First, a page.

A remark that forced him into hiding and for which he was prosecuted. This state of denial sits oddly with the view of Mehmed VI, the last Ottoman sultan, who expressed his heartfelt sorrow at the mass killings and instituted an inquiry with the intention of prosecuting those responsible; his initiative foundered when he was forced to abdicate in the wake of Ottoman defeat. Erdogan's intrigues saw Princes Charles and Harry in their military finery commemorating Gallipoli a mere 99years and 364 days after the original, ill-fated landings

Tuesday, April 21, 2015

Major Mayhem

Woke this morning to see the Tories have drafted in John Major to assist their Labour/SNP panic-stoking project. Strange choice: while Major warns this could cause 'mayhem', older voters will well remember the rather sordid deals he cut with the Ulster Unionists to keep his own minority administration on the rails from 1992 until his landslide defeat in '97. Still, there is one sage piece of advice Cameron could take from this Conservative colossus: 'when you back's against the wall, you turn around and fight' quite... History best remembers Major-Balls (actual family name) for such bold initiatives as the cones' hotline and freeing up planning regs to allow for more motorway services (best not to mention rail privatisation - that happened on his watch, too.

Saturday, April 18, 2015

Buying up Brighouse

Now the truth is out about the sale of the former Laws on Road council offices to Younger Homes, perhaps we should celebrate the triumph of 'commercial confidentiality'  - and cherry tree removal - over local democracy.
This could easily be achieved by changing the Welcome to Brighouse signage. In addition to 'twinned with Ludenscheid'  we can now proclaim the town to be the proud location of Younger Homes' landbank and planning blight capital of Calderdale.

Friday, April 17, 2015

Plunged into Internet darkness

Just after 4.00 this afternoon, the router cut out. A quick call to the ISP revealed that the fault was 'external', ie between the exchange and my house.
A few minutes later, youngest son came home and said that a car had hit the green cabinet that houses the cables for the whole estate.
When I went out later, I saw a neighbour, rather sheepishly looking on as a breakdown crew retrieve his car from atop the remains of the metal cabinet.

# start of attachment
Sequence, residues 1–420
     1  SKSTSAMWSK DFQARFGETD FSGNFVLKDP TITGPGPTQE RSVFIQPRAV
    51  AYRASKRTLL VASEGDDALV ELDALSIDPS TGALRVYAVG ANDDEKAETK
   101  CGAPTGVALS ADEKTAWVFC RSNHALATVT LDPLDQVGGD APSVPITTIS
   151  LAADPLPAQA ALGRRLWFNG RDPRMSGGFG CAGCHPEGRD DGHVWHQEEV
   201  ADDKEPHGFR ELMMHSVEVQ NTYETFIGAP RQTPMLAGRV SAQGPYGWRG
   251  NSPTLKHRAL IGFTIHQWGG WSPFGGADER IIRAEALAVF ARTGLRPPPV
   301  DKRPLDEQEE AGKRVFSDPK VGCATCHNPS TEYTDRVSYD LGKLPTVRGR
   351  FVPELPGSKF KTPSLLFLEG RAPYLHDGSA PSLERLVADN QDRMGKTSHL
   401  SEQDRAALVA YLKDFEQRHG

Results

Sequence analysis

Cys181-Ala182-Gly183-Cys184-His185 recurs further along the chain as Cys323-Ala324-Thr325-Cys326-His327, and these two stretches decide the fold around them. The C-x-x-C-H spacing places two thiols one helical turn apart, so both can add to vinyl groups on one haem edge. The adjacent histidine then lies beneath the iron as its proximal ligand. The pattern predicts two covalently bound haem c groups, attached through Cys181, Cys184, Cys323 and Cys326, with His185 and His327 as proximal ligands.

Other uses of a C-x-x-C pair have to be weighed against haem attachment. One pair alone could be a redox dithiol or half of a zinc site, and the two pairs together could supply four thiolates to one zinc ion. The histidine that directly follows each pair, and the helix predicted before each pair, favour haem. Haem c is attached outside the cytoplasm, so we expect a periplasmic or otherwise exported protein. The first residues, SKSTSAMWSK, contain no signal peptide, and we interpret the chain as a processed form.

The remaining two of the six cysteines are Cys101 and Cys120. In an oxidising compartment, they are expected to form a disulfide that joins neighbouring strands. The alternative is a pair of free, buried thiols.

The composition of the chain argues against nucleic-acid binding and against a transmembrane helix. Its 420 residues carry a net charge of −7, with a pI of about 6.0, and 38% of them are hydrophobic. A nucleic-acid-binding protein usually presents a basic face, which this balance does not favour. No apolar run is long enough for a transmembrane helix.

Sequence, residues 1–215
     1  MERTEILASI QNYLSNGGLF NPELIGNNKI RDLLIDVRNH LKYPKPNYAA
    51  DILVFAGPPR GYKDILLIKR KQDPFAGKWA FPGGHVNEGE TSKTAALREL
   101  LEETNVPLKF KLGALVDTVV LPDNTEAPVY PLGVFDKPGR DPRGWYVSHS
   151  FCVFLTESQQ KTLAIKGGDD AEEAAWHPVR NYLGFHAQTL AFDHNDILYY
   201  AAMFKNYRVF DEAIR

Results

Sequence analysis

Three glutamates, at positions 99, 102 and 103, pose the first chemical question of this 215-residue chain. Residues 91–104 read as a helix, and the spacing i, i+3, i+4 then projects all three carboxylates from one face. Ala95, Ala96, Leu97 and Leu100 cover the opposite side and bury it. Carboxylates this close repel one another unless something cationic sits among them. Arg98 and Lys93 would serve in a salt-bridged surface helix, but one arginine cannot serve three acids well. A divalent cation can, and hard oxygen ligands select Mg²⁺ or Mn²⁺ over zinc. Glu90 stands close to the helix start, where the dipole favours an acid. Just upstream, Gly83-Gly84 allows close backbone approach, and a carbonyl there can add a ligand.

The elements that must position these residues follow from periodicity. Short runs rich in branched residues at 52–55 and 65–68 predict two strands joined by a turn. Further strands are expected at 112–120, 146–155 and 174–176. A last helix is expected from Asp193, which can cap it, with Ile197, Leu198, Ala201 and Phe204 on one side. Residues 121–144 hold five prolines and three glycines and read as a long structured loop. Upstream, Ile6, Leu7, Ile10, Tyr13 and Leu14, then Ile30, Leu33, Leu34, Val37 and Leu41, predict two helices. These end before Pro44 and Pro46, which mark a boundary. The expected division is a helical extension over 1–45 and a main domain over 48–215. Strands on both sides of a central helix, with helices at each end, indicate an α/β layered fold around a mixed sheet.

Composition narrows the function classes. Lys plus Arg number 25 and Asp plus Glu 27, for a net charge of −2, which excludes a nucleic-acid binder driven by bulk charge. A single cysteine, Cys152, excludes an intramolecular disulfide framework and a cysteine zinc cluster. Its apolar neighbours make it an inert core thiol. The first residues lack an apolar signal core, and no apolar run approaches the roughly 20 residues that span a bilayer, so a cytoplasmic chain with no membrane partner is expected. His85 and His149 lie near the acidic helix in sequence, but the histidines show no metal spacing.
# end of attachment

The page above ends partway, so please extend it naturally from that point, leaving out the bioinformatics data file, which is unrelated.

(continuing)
As well he might, what are we going to do? 300-odd souls denied access to social media, Internet shopping, YouTube and porn; teenagers might end up having to talk to their families. It's the end of the world, save yourselves Bailiff Bridge...

Sunday, April 12, 2015

Pizza Express - min wage and zero hours in Cornwall

Visited Pizza Express in Falmouth on last night of our holiday and noticed an advert for summer staff. Offering 'up to £6.50 per hour', students at the new University wanting to stay on over the Summer, or who live in the town, have the exciting opportunity of being called in when the permanent staff are too busy to cope with the expected summer-time crowds. Being under 21, of course, Pizza Express will be able to get away with paying less than the minimum wage and claim the 'flexibility' of zero hours. A great example of an employer being able to have their pizza and eat it. Think on the terms of this 'exciting opportunity' when planning to dine out in Falmouth or Newquay this summer...

Thursday, April 09, 2015

Rising Ground: a search for the spirit of place - Philip Marsden

I first discovered Philip Marsden when reading The Crossing Place: Journey Among the Armenians and was caught up in his infectious enthusiasm for research and discovery, which adds depth and dimension to his travel writing. In Rising Ground he brings his by now trademark depth of learning much closer to home, travelling from his native Somerset to his adopted Cornwall, he examines the topography and history of places, ranging from Glastonbury to the Fal valley, the clay country round St Austell, to the far west of Penwith and out to the Scillies. My reading coincided with a hastily planned family holiday in Falmouth, so it was an added pleasure to read Marsden's take on Porthleven after an afternoon's visit to the first place I even stayed in Cornwall with my then 6 month-old son. Now a hulking great 16 year-old, he too was entranced by the place in a way that Marsden would doubtless approve. This book is for those who enjoy the feel and history and tradition of 'place' - things that reach above the material nature of landscape and mere 'real estate' but touch the essence and spirituality of the land and connect us with those who have gone before.